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  • Updated 06.03.2023
  • Released 04.07.1994
  • Expires For CME 06.03.2026

Sleep terror



Sleep terror is one of the manifestations of disorders of arousal and consists of abrupt arousals out of sleep stage 3 NREM, primarily in the first third of the night, with disordered motor agitation, screaming, fear, and autonomic activation. Sleep terrors affect between 1% to 6% of prepubertal children, with a peak incidence between 5 and 7 years of age and a strong familial clustering. Sleep terrors are usually benign and tend to spontaneously decrease in frequency or cease during adolescence. However, since the early 2000s, it has been shown that sleep terrors can persist in adulthood in predisposed individuals or even appear de novo in some cases, often causing excessive daytime sleepiness and altered quality of life. In this update, the author addresses the latest clinical and polygraphic criteria for the differential diagnosis between sleep terrors and other motor phenomena occurring during sleep, focusing on sleep-related hypermotor epilepsy in which the differential diagnosis poses particular problems. In addition, the author provides the results of the new extensive research on the link between sleep terrors and the concept of local arousal.

Key points

• Sleep terrors are sudden, partial awakenings from deep non-REM sleep, associated with intense motor behavior and strong autonomic responses.

• Sleep terrors are mainly a childhood phenomenon, with peak prevalence at 5 to 7 years of age.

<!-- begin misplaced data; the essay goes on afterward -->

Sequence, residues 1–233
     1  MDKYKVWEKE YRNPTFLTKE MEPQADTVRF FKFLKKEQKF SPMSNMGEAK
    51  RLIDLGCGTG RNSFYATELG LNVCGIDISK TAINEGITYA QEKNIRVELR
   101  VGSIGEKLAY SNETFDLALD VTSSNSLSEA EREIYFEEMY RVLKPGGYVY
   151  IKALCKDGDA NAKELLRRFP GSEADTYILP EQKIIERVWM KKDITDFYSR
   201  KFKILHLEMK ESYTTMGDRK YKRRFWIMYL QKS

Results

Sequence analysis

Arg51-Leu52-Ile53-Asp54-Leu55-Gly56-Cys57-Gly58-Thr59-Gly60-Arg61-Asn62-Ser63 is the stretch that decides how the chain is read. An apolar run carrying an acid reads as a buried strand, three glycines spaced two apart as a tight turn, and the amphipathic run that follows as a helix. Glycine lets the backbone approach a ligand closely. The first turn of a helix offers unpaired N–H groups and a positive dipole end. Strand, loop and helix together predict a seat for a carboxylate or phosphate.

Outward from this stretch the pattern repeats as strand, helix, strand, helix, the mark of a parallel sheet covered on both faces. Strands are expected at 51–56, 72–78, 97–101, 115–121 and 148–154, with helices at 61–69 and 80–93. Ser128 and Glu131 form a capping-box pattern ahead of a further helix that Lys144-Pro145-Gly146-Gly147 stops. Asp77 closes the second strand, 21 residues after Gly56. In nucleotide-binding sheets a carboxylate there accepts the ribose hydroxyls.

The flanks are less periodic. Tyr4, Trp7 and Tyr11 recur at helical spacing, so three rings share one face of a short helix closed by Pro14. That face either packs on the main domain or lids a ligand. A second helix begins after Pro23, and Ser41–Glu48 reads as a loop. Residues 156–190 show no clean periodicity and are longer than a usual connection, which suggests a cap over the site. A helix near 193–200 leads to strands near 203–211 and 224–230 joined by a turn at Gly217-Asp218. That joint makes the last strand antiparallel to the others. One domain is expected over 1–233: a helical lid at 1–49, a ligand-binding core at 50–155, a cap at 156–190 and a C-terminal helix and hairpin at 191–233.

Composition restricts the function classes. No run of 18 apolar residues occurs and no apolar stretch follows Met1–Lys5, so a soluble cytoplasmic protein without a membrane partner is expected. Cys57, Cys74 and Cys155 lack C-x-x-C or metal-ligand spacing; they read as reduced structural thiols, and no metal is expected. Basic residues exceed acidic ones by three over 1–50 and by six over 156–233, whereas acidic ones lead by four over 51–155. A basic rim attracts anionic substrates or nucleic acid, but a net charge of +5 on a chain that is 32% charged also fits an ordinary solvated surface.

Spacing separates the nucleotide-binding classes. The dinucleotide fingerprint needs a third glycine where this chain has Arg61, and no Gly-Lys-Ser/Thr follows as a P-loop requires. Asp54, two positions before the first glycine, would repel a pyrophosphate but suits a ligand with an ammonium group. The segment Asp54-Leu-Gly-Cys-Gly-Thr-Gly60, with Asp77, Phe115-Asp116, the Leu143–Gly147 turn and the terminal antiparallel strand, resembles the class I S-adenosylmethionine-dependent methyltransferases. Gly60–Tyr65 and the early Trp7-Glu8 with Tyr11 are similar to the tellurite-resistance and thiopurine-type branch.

• During the episodes, children have a terrified expression but do not respond to family members trying to console them.

• Sleep terrors are usually benign with a tendency for spontaneous resolution, but they can persist in adulthood in predisposed individuals or even appear de novo in some cases.

• Safety measures are of primary importance to protect the patient from injury, but treatment with medications is not usually necessary.

Historical note and terminology

Sleep terrors (also called "pavor nocturnus" in children and "incubus" in adults) have commanded attention for centuries. It was not until 1949, when Jones wrote On The Nightmare, that sleep terrors were differentiated from terrifying dreams (21).

Gastaut described sleep terrors in a single subject, which originated in slow-wave sleep (15). Broughton first suggested that sleep terror is a "disorder of arousal" rather than an epileptic phenomenon (05). Fisher confirmed that sleep terrors begin in stage 3 or 4 sleep (now N3), generally in the first cycle (14). In the International Classification of Sleep Disorders, sleep terrors are classified as a disorder of arousal (from NREM sleep) within the class of parasomnias (01).

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